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Management

Predictions and Resolutions for Better CAD Management in 2020

15 Jan, 2020 By: Robert Green

CAD Manager Column: Resolve to manage your resources more effectively, make the most of your budget, and become more involved with IT, and you’ll be better prepared for the challenges coming your way this year.


 

CAD/BIM Is More and More an IT Problem

In recent years, I’ve opined that the tasks I spend time on these days are much more about IT than CAD. For example: Setting up named-user accounts, accessing portals to download software, setting up cloud repositories, mapping out security protocols for wide-area network (WAN) drives, etc. Not that I’m pining for the old days of outdated physical media, cumbersome update patches, and FedEx-ing envelopes of floppy disks, but there’s no denying that being a CAD manager now is much more IT-intensive than it used to be.

My prediction is this trend will continue and actually accelerate as CAD tools become more decentralized (more on that in the next section) and harder to keep track of.

So how do we deal with this trend?

Resolution: Learn as much about general IT as you can, and take the time to research new tools on your own time rather than remain at the mercy of your IT department.

Resolution: Get more involved with IT at your office, and become “one of the tribe” to immerse yourself in technology that can accelerate your learning. After all, the more you know the better off you’ll be, and the reality is that you don’t know what you don’t know.

CAD Software Becomes More Plugged-In

Way back when the first CAD programs came out, you just bought the software and hoped you could make it work. Then the market evolved to offer add-ons for task-specific undertakings such as architecture or mechanical modeling. The add-on market gave way to entirely new, specialized software products like SOLIDWORKS and Revit. Now we see that even specialized software products are embracing specialized plug-in modules for rendering, surface modeling, analysis, etc., and these products are now offered by many different companies — think Enscape, Act-3D (Lumion), and Robert McNeel & Associates (Grasshopper), for example — so your CAD/BIM installation is no longer controlled by a single vendor like it used to be.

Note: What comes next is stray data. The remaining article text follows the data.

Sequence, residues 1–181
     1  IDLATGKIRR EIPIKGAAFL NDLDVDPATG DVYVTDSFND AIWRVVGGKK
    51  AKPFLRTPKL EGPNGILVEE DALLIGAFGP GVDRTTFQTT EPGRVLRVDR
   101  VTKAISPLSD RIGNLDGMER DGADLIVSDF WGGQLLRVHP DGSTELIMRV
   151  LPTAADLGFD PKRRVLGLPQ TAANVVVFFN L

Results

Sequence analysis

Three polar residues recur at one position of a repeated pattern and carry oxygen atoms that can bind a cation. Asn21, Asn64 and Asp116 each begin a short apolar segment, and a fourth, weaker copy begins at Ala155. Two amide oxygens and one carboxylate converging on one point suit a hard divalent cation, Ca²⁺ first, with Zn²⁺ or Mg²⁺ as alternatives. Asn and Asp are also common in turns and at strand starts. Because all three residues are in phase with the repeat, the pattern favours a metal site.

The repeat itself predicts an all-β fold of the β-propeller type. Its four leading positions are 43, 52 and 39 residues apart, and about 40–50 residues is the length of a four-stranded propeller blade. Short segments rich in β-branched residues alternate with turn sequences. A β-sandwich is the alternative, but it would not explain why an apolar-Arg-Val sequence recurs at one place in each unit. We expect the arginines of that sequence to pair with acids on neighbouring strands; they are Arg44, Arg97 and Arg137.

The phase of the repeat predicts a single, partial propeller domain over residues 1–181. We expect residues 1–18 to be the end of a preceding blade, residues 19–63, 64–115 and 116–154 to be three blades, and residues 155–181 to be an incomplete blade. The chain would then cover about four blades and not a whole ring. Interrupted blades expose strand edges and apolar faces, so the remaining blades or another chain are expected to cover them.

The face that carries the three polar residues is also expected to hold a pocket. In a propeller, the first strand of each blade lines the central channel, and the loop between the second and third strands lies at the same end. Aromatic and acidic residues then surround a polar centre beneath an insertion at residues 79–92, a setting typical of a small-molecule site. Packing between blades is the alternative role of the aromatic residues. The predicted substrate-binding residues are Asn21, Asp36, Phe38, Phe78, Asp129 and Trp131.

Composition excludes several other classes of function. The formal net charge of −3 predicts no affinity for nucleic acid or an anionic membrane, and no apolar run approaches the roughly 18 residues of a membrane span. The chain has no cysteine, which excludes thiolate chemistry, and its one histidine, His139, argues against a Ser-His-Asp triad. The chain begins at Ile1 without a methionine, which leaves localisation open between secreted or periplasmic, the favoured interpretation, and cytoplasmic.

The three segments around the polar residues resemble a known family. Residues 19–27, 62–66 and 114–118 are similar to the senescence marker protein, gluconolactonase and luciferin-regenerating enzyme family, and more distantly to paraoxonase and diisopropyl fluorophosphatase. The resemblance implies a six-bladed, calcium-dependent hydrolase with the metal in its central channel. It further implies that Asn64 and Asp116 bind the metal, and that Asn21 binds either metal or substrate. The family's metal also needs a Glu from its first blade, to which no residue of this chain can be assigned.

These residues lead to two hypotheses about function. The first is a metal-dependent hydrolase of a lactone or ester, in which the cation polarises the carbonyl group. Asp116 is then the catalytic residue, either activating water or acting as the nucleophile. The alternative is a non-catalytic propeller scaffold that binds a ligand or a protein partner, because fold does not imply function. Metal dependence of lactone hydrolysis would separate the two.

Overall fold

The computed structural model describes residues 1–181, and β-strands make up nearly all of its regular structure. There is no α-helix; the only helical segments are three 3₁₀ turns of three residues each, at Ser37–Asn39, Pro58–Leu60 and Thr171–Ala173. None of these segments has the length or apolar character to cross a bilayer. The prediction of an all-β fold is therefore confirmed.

So how do we navigate this this complex, plugged-in landscape?

Resolution: Evaluate any plug-ins based on their function and merit, and to only use those tools that work well and provide value to your users/company.

Resolution: Avoid playing the “plug-in of the week” game! Don’t users randomly install the latest plug-in modules they’ve downloaded without your supervision and approval.

CAD Management Becomes Less Valued

With each passing year, the CAD manager position has become increasingly part-time, more frequently lumped in with overhead, and less understood as technology has become more complex. You know where this is all headed, right? These changes lead to a general lack of enthusiasm for CAD management. I even see the trend with building information modeling (BIM) management, as BIM has become more widely used in many AEC environments.

Alas, it seems that as any technology becomes more common, there is less desire to spend money managing it, and that’s why CAD management is becoming less valued.

So how can we buck this distressing trend?

Resolution: Make CAD and BIM coordination part of the discussion in every project you do, and speak up when you see mistakes being made. If everyone respects your expertise, they’re much more likely to value the job you do.

Resolution: Evangelize about how CAD management can drive standardization and reduce errors, thus saving time and money. You will get a lot more sympathy for spending time on CAD management if everyone around you understands the value of doing so.

CAD Management Stress Continues to Elevate

Entwined with being less valued is the issue of spending more time “working on projects” and less time “on CAD management overhead.” (I put these phrases in quotes because I’ve heard them so often from so many levels of senior management.) While there’s nothing new about this problem, the thing to note is that it continues to get worse each year, in my experience.

So how can we keep the stress from becoming toxic?

Resolution: Do the best you can given the circumstances, stay as calm as you can, and deal with your day-to-day tasks professionally. The adage never let them see you sweat comes to mind here.

Resolution: View your job as creating the greatest amount of project output possible. And if you can create more project output by being a CAD manager “working on projects,” then that’s even better.

Summing Up

I encourage you to take some time and ponder how these predictions may affect your job or your company in the coming year. As you do so, make a prioritized list of the resolutions I outlined here, and see which ones you need to pay particular attention to. And once you finish your list, get to it! This looks to be a busy year with high project loads and a tight labor market, so get ready to work hard in 2020. Just resolve to work smart while you’re doing so. Until next time.

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About the Author: Robert Green

Robert Green




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